So I called the client and they re-sent the forms, which I dutifully forwarded to SDC.And this morning, I received confirmation that the plan was activated on March 1, and that ID cards would be on the way shortly.

Doesn't get any better than that.

Kudos to Superior Dental Care.

Monday, March 11, 2019

More MVNHS© #Winning

Saturday, March 09, 2019

#Winning: Socialized Health "Care" edition

Friday, March 08, 2019

Friday O'Care Reminder

Shot:
Chaser:

Thursday, March 07, 2019

A (Timely) Blast from the Past

I had completely forgotten this post from co-blogger Mike, but it is incredibly relevant today. For one thing, it echoes a longstanding principle here that health insurance health care. And it presciently touches on the (Evil) Individual Mandate and the Death Panel that have been ObamaCare hallmarks. Finally, it seems to be an early, distant warning about what lies in store for us if (when?) Medicare4All is actually implemented.

Oh, what's it called?

"Why isn't health care compulsory?"

Here's a taste:

"I’m not talking about health insurance. I’m talking about health care. Health insurance is not the same as health care. Who calls their insurance agent when sick or injured? Who calls an actuary? Don’t real people call their doctor or go to the emergency room?"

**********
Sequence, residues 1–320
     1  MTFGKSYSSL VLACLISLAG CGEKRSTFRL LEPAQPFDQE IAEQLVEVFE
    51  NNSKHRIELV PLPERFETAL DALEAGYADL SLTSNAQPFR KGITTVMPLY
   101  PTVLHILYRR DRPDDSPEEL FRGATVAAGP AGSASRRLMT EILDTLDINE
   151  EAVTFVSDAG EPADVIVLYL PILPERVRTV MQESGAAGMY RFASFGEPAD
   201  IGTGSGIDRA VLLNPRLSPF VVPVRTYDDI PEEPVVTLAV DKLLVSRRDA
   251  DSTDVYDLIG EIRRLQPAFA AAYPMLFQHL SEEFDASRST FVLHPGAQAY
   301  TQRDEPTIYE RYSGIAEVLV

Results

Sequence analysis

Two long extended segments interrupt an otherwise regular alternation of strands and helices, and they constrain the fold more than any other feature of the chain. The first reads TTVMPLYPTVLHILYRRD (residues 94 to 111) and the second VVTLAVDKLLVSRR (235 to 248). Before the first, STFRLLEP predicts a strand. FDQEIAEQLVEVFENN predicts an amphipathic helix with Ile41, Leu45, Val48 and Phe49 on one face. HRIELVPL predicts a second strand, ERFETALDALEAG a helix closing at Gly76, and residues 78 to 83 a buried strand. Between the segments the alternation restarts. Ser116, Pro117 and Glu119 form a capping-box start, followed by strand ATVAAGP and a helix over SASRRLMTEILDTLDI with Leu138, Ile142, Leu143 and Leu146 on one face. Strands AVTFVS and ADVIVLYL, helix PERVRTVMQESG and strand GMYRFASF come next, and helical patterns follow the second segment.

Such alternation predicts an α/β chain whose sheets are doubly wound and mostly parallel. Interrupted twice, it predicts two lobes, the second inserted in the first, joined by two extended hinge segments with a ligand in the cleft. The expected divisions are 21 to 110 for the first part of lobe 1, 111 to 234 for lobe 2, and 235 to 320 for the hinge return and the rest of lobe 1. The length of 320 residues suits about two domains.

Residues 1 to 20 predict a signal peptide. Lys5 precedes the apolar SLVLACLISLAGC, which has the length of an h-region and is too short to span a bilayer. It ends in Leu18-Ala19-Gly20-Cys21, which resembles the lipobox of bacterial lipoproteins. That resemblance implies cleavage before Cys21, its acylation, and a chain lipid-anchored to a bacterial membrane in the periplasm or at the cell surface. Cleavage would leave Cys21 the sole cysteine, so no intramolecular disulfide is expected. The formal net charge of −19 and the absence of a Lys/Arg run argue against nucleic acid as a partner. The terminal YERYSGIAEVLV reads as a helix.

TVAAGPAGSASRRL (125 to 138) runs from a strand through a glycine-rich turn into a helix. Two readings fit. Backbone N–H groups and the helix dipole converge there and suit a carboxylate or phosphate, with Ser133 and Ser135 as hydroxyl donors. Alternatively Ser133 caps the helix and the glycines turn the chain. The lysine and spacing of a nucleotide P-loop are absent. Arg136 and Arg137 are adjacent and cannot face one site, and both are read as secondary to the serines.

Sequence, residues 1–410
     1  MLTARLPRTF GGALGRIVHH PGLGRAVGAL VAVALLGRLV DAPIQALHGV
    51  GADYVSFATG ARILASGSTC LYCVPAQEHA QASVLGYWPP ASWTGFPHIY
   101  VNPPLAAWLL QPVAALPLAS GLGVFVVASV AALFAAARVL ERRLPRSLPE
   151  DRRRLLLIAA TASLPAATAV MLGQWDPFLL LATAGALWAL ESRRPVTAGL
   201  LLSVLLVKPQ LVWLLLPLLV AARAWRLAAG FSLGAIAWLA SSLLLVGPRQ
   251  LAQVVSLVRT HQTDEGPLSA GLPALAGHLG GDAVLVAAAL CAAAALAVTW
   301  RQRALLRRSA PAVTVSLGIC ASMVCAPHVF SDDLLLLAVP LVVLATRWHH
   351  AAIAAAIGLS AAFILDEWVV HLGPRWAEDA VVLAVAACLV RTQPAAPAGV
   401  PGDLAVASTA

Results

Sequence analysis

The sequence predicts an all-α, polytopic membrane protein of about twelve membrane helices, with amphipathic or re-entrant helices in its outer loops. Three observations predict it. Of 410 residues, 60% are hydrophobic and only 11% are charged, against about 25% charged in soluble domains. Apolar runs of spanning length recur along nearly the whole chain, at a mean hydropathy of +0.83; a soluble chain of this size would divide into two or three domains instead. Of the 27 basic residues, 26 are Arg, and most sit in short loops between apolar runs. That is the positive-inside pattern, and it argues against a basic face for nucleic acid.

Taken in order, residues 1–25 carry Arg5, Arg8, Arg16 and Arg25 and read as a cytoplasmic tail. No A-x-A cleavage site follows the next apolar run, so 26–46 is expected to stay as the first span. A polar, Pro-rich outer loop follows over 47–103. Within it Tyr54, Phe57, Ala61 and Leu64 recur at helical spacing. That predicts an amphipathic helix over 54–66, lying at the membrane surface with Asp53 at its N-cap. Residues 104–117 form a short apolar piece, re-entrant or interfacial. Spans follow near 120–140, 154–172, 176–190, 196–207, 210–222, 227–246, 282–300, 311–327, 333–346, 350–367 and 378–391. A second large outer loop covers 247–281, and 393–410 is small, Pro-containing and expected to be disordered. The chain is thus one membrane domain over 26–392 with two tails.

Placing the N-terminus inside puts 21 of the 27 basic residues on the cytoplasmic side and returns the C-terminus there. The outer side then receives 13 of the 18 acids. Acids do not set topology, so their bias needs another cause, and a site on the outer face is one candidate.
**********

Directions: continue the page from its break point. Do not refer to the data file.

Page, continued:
Indeed.

And there's this:

"First, all health care professionals become employees of the Federal Government, paid a living wage from public funds. Second, hospitals, clinics, labs and other facilities are nationalized and their staffs also become employees of the Federal Government ... it is illegal to seek or receive health care from anyone except a Federal health care professional."

Yes, yes it is rather scary.

And that's the point.

Read the whole thing here.

Wednesday, March 06, 2019

The More Things Change: 2019 edition

So, FoIB Steve Downey alerted us to this item at CNN:

"A woman received nearly $375,000 from her insurance company over several months for treatment she received at a California rehabilitation facility. A man received more than $130,000 after he sent his fiancée's daughter for substance abuse treatment."

Okay, that's (very) nice for them, but what's that got to do with the price of tea in China, or insurance, well, anywhere?

Well, these folks got these checks as a result of Anthem's (alleged) strong-arm tactics being brought to bear on non-network providers to join up. Generally, carriers pay even out-of-network providers directly (although at less than in-network rates, natch). This has the non-network providers unhappy...

What? So what's the big deal,  you ask?

Well, if you're General Hospital and your patient just got the $375,000 from Anthem, how quickly do you think said patient's going to run it down to your business office to sign it over? Or even bother to do so? And yes, you can sue the patient, but that adds to your own wait time, as well.